I recently heard about the tardy policy enforced at a friend’s former workplace. If she was late to the office twice in one week, she was publicly shamed at a team meeting, where the rest of the group would be told, “Susy is ineligible for the weekly recognition award because she was late twice this week.” (Name changed to protect the guilty.)
I disagree not only with using humiliation as a means of punishment/motivation (it borders on being grounds for a hostile workplace lawsuit) but also with the practice of marking tardies when it just doesn’t matter. Grown-ups should have more important things to worry about than beating the clock.
Why stress out your workforce over something that doesn’t affect your business?
Sure, when you do shifts, like in a factory or a hospital, you have to arrive on time to keep the organization running smoothly. In those cases, productivity – and people’s lives – may be adversely affected by tardiness. The assembly line must be staffed and the night nurse relieved on time, or problems will arise, no question about it. But in an office environment, does it really make a difference if Susy sits at her desk from 8 to 5 exactly, instead of from 8:05 to 5:05?
I feel pretty lucky to work in a performance-based environment. No one polices me to make sure I’m at my computer (either at the office or at home) at any certain hour. Instead, I’m required to account for my workload, deliver projects on time, be available for meetings and collaboration and help our company attain its business goals by doing the best job I can. I’m treated like an adult, instead of like a school child.
I remember the days of skipping breakfast and running yellow (okay, red) lights to get to work on time. I don’t think my employer benefited from my racing into work panting and sweating; the time I saved getting to work “on time” was usually wasted cooling down and regaining my composure before I could concentrate on my tasks. And I remember feeling embarrassed if I was late for some reason – often a reason that was beyond my control – which could bring down my morale for the rest of the day.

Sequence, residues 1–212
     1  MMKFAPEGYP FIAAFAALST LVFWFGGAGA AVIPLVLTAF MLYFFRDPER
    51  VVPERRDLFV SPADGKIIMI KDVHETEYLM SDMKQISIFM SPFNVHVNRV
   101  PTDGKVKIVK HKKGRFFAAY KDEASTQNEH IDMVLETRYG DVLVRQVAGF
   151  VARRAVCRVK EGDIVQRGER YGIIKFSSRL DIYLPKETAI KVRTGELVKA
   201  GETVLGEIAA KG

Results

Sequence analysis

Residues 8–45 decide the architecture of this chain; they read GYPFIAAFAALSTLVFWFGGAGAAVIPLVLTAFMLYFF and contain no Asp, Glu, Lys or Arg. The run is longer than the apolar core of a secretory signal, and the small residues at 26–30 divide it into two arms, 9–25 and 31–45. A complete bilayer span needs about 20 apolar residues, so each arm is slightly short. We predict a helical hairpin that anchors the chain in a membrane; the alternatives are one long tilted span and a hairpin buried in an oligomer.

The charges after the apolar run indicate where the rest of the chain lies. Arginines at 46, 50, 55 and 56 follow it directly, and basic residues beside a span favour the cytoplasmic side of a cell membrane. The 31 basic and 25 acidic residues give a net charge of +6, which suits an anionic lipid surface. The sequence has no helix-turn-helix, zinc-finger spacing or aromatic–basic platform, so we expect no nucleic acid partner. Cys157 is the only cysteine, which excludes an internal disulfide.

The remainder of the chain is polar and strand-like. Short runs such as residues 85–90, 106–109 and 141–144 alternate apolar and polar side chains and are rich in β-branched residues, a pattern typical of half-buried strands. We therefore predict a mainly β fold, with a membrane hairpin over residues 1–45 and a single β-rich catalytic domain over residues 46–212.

I’m much happier workshifting
Now, I start work when I’m ready to start work. Sometimes I start early in the morning, and sometimes I start a little later in the morning. Sometimes I start when I have a meeting to attend – and I don’t mind hurrying to be on time if that’s the case, because people are depending on me. Sometimes I work and attend meetings from home, and sometimes I work and attend meetings at the office. In either work environment, and no matter what time I start, I get the job done.
I end my workday when I’ve done the day’s work, sometimes early and sometimes late. I probably work late more often as a workshifter, but I don’t mind because it’s my own choice to do so; I take pride in finishing my work and reaching my goals on my own terms.
By its very nature, workshifting has to be performance based. When your manager isn’t physically present, you have to be trusted to do your work, and you are judged by your work alone. You don’t win points just for showing up – you win respect by showing people what you can do.
It takes some maturity to manage your time by yourself, but then, workshifting is for grown-ups, isn’t it?